The causes of these changes are many and there is clearly no one solution to them. But it is undoubtedly the case that globalisation and the offshoring of jobs was perceived as part of the issue. According to the US Population Reference Bureau in 2008 an accountant in India earned on average $5,000 a year. An accountant in the US doing the same job earned $63,000. Why, in an age of almost instant communications, would a company spend twelve times as much to get the same service? This applied to a whole range of service and manufacturing jobs. In 2018 the number of jobs offshored by US companies stood at 14.4 million. (To be fair at the same time there were 7 million jobs outsourced into the US by non-US companies but there is still a huge imbalance). And this is before one considers the increasing productivity and automation of manufacturing within the US which accounted for millions more lost jobs. The claim was that cheaper costs meant cheaper prices but what it actually meant a lot of the time was higher profits for the companies. Globalisation was and is failing a large proportion – probably the majority – of the population.

Meanwhile politics in America was split between those who wanted to improve matters for the lowest segment of the population – those close to or below the poverty level – and those who saw free markets as the answer to all America’s ills and ignored the fact that the fastest growing incomes were restricted to the Upper Middle Classes and the Rich. The ‘Squeezed Middle Classes’ who represent the majority of US workers and families were, to a large extent, ignored. Nor was there anywhere else for these forgotten masses to turn. The Democrats were just as wedded to the ideas of Globalisation as the Republicans. Perhaps even more so.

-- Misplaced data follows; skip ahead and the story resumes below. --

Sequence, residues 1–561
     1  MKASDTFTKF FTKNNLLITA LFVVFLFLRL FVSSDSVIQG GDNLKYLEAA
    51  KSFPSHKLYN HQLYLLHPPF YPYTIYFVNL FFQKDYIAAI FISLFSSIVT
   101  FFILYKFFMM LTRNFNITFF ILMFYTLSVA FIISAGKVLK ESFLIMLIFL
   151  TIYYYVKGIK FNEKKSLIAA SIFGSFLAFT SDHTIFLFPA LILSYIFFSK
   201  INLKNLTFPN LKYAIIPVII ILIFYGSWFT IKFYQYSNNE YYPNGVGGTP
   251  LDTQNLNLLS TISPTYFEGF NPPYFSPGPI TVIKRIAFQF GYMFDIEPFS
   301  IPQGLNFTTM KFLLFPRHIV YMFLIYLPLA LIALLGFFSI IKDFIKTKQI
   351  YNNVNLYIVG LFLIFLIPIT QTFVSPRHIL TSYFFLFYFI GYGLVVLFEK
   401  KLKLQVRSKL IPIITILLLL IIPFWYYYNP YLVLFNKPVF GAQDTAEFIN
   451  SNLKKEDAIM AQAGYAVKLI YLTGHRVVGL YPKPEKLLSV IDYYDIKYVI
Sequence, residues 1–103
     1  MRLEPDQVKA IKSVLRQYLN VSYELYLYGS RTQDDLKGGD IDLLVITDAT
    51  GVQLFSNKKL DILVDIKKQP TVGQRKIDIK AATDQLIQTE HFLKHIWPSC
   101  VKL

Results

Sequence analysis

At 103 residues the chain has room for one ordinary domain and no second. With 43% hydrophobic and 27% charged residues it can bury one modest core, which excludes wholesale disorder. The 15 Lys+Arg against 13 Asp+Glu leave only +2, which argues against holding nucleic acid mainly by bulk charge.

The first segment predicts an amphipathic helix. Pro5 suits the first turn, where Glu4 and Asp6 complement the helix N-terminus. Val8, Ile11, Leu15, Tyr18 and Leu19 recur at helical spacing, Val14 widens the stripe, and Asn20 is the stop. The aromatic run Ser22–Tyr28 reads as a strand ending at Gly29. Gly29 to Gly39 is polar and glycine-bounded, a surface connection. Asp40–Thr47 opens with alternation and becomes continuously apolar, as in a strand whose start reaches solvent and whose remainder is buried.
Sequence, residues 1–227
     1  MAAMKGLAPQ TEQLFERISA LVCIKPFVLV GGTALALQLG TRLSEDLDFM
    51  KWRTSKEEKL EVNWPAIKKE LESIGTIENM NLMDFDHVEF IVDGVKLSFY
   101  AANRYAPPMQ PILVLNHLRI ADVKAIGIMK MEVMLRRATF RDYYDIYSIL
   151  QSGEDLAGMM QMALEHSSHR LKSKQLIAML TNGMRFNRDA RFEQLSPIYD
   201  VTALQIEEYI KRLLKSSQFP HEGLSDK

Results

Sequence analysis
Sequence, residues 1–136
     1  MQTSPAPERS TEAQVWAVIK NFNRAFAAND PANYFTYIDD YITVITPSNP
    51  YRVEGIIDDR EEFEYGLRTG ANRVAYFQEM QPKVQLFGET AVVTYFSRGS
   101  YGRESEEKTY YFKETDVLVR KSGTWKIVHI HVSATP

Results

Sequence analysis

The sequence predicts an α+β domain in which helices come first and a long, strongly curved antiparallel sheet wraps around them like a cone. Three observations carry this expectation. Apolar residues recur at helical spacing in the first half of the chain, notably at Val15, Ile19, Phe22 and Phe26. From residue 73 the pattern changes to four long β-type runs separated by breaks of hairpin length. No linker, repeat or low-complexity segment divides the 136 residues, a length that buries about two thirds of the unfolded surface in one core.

It is this disparity and this feeling that they were forgotten and scorned by the political classes which, I believe, was the driving force behind Trump’s rise to power. I do not mean that he actually cared about this issue. It was just a convenient vehicle for getting him all the way to the White House. But the fact that a shyster was bright enough to see that he could use this issue doesn’t mean it wasn’t a real one. He was fortunate that his arrival in the White House coincided with an upturn in the US economy and certainly his headline policies with instigating a trade war with China and trying to force US companies to return jobs to America paid some dividends in the short term. It is for this reason I believe that, whilst he has only really been paying lip service to the issues, he is seen by many of those who felt left behind, to have been on their side and attempting to do something about the issues. 

Now, with his whole presidency having turned toxic in the worst possible way, addressing the issues which still exist for large swathes of Americans today, also risks being tainted. Once again, the Middle Classes will see themselves as unrepresented and, with the same old faces of the pre-Trump era (Biden, Pelosi etc) now back in charge, we risk them falling victim to the next demagogue who decides to make a run for the highest office. And we cannot rely on the next one being so incompetent and obviously flawed.  

What the new US administration desperately needs to do is to separate righteous and completely understandable anger at Trump from scorn for his many tens of millions of former (and if the polls are correct still current) supporters. I would like to think they are capable of doing this and taking these problems seriously – even if there are no immediate easy answers to them. I will reserve judgement on whether they are actually capable of doing this.       

Richard Tyndall